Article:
Late last month, Berwyn Heights, Maryland Mayor Cheye Calvo took the unusual step of filing a civil rights lawsuit against the police department of his own county. The suit stems from a 2008 SWAT team raid on Calvo's house that resulted in the shooting deaths of his two black Labrador retrievers. In pushing back against the abuse he suffered at the hands of the Prince George's County police department, the mayor is helping expose a more widespread pattern of law enforcement carelessness and callousness throughout the state of Maryland.
Prince George's police originally obtained a warrant to search Calvo's home after intercepting a package of marijuana sent to the mayor's address. Calvo and his family were innocent—the package was intended to be picked up by a drug dealer. But instead of first investigating who lived at the residence, or even notifying the Berwyn Heights police chief, the county police department immediately sent in the SWAT team. In addition to having his two dogs killed, Calvo and his mother-in-law were handcuffed for several hours, and questioned at gunpoint.
To his credit, the mayor concluded early on that if this could happen to him, it was probably happening to others. "In some ways, we were lucky," Calvo said at a University of Maryland event this April. "We had the support of our community, who knew we weren't drug dealers. It didn't take long for me to realize that many people this kind of thing happens to don't have that kind of support."
Calvo also learned just how obstinate and unapologetic police and government officials can be, even (or especially) when they're clearly in the wrong. Prince George's County Police Chief Melvin High actually praised his officers' conduct, insisting that if they had to do it again they'd conduct the Calvo raid the same way. "Our investigators went in and showed both restraint and compassion," he told a local TV station.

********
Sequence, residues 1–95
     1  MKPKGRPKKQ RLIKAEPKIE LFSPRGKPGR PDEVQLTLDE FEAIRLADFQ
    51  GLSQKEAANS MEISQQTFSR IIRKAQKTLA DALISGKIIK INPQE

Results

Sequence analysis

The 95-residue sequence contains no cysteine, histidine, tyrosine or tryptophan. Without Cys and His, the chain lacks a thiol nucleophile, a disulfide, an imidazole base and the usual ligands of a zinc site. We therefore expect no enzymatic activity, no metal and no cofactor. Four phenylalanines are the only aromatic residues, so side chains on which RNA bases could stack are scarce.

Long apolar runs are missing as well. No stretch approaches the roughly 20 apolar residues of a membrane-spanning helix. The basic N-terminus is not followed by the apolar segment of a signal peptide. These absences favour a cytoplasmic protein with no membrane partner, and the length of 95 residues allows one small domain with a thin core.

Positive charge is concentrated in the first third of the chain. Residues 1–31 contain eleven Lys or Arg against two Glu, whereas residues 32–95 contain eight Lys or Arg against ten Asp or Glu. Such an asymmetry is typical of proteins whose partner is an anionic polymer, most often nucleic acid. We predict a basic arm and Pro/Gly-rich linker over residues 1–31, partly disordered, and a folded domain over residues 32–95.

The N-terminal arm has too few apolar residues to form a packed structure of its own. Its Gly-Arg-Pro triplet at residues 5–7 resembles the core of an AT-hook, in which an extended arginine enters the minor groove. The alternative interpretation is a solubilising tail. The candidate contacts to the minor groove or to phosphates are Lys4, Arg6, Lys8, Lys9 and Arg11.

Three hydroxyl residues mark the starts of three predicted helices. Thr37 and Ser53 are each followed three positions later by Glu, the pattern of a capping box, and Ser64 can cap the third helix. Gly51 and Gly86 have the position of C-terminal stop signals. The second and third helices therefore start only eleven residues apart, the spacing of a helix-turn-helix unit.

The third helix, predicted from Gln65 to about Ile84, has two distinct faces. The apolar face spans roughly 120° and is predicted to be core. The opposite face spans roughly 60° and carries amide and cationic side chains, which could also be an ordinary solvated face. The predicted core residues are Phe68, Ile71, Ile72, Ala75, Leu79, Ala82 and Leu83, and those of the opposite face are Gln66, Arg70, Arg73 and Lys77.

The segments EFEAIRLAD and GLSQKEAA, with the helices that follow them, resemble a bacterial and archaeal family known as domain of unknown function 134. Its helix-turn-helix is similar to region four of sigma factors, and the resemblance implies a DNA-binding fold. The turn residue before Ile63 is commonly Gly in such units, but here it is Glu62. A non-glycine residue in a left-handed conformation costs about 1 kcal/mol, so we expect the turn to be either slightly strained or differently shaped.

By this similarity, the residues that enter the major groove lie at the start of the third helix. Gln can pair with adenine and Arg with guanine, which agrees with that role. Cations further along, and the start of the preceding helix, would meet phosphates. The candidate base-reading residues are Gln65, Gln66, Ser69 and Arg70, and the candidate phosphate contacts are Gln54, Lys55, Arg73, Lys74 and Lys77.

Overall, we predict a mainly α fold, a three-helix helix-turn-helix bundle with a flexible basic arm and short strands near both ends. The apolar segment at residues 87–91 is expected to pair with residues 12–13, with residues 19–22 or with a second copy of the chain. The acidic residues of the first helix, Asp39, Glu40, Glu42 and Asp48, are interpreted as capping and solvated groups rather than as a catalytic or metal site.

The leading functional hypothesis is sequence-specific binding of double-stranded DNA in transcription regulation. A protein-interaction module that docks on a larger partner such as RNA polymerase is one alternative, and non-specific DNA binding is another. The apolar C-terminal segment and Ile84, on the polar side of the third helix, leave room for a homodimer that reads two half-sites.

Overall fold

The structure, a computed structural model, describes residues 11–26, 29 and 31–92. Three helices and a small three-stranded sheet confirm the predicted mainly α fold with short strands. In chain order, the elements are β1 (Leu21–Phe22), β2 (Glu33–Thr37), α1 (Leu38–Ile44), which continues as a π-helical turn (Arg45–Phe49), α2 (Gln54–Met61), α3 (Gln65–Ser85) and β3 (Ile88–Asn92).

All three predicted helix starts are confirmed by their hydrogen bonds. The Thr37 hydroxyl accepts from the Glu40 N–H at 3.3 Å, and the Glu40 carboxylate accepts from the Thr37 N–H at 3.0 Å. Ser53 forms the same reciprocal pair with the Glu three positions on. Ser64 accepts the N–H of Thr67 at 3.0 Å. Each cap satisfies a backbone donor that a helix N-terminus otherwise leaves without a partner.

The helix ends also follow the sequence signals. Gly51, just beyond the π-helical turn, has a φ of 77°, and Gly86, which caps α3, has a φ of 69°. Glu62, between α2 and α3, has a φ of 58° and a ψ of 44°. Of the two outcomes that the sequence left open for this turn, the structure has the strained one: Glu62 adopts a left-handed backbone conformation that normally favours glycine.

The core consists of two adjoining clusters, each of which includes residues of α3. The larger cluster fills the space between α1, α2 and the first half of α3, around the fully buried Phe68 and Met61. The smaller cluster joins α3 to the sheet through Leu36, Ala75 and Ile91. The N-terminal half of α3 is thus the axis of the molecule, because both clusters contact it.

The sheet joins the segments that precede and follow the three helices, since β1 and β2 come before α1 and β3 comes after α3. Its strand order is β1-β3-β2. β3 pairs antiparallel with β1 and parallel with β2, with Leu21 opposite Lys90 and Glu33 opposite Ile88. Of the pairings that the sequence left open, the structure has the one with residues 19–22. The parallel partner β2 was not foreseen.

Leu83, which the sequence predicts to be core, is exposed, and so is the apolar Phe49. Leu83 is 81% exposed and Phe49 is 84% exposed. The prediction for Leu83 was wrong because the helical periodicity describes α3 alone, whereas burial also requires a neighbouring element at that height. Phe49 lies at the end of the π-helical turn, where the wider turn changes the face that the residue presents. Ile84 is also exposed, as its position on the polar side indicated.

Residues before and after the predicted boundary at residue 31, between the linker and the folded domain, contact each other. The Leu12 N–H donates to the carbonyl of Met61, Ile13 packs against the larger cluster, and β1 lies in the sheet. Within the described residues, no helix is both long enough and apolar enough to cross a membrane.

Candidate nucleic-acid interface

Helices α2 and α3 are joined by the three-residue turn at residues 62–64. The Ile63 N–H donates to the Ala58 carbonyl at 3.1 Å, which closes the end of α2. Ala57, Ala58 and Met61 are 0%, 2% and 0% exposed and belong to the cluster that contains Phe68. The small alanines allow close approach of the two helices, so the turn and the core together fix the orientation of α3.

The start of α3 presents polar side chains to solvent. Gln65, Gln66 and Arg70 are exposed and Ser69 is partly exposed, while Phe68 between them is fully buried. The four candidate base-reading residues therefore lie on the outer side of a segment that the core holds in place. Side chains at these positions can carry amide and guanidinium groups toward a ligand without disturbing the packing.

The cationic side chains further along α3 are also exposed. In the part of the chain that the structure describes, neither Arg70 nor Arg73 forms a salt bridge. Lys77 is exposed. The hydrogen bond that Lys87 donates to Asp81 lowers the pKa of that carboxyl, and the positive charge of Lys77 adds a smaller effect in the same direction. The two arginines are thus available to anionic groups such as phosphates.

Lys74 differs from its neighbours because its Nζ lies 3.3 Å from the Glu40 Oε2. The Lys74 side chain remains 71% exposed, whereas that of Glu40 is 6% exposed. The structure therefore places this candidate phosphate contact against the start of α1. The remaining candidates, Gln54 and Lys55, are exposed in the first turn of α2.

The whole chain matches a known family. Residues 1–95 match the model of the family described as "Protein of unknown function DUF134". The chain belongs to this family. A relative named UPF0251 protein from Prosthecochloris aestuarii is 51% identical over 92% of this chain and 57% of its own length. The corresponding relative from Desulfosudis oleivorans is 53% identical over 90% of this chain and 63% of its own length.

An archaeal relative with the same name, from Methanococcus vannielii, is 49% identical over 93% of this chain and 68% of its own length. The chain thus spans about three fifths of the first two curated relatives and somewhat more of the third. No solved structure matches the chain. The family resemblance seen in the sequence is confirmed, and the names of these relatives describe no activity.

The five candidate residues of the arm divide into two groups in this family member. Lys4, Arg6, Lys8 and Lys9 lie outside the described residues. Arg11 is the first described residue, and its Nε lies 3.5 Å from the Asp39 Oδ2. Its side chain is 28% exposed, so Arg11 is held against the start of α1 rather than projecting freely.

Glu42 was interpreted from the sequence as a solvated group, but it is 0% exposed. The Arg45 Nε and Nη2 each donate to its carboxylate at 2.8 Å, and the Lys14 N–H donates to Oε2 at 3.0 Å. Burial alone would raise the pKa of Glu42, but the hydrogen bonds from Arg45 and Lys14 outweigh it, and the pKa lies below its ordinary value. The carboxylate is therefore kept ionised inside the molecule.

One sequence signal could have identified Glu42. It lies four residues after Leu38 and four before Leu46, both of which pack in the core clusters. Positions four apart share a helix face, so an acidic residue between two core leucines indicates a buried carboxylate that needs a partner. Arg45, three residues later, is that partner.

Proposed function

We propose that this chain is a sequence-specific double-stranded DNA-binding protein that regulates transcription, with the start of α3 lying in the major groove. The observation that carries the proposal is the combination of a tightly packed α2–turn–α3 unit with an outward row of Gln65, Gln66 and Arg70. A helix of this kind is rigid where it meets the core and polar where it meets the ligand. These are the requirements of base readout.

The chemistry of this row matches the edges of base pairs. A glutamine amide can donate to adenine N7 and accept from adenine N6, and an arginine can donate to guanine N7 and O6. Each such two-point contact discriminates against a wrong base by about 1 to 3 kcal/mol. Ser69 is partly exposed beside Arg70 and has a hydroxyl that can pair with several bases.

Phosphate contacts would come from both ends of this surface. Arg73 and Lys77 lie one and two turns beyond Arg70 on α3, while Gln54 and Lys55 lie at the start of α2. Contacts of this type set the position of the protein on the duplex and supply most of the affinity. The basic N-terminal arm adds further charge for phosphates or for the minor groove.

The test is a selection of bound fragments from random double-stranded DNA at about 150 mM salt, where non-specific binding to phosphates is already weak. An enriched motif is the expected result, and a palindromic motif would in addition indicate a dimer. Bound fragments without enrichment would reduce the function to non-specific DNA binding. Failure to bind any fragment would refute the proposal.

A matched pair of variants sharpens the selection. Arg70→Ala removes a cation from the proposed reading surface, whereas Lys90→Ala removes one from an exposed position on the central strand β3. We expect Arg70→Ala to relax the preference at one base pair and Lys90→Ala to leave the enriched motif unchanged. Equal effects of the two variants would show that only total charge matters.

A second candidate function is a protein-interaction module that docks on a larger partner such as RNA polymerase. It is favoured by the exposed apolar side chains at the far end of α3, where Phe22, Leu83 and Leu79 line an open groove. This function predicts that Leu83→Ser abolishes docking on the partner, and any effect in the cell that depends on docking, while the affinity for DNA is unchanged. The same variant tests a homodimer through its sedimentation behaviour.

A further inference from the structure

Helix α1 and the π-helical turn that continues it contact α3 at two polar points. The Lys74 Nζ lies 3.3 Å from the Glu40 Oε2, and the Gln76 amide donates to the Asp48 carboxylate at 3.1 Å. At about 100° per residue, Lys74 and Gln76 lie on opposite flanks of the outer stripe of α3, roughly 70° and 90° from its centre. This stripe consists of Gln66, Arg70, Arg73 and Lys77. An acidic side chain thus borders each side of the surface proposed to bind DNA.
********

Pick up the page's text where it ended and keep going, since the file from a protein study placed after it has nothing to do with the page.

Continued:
Prince George's County Executive Jack Johnson told a local newspaper that Calvo would get no apology for the slaying of his dogs. Johnson's puzzling explanation: "Well, I think in America that is the apology, when we're cleared…. At the end of the day, the investigation showed he was not involved. And that's, you know, a pat on the back for everybody involved, I think."
It took nearly a year for the Prince George's police department to release its report on the incident. The conclusion: officers did nothing wrong.
Within a few weeks of the raid, other victims of botched search warrants in Maryland began contacting Calvo. One couple was raided after their teenage son was found with a small amount of marijuana during a traffic stop. Another elderly couple had their dog shot and killed by Prince George's officers in a mistaken raid. And in Howard County, police broke down a door in front of a 12-year-old girl, battered a man with a police shield, then shot and killed the man's Australian cattle dog. They were looking for someone suspected of stealing a rifle from a police car. The suspect didn't live at the residence.
There were more:
• Eleven days before the raid on Calvo's home, Prince George's police raided the home of a Secret Service agent after receiving a tip that he was distributing steroids. They found no drugs or incriminating evidence.
• In August 2007 police raided the home of a Prince George's County couple to serve an outstanding arrest warrant for their son. The parents were handcuffed at gunpoint. Police later learned that the couple's son had already been in police custody for 12 days.
• In November 2007 Prince George's police raided the wrong home of a couple in Accokeek. Though the couple presented the police with evidence that they were at the wrong address, the police still detained them at gunpoint, refusing even to let them go to the bathroom. The couple asked the police if they could bring their pet boxer in from the backyard. The police refused. Moments later, the police shot and killed the dog.
• In June 2007 police in Annapolis deployed a flash grenade, broke open an apartment door, and kicked a man in the groin during a mistaken drug raid. When they later served the warrant on the correct address, they found no drugs.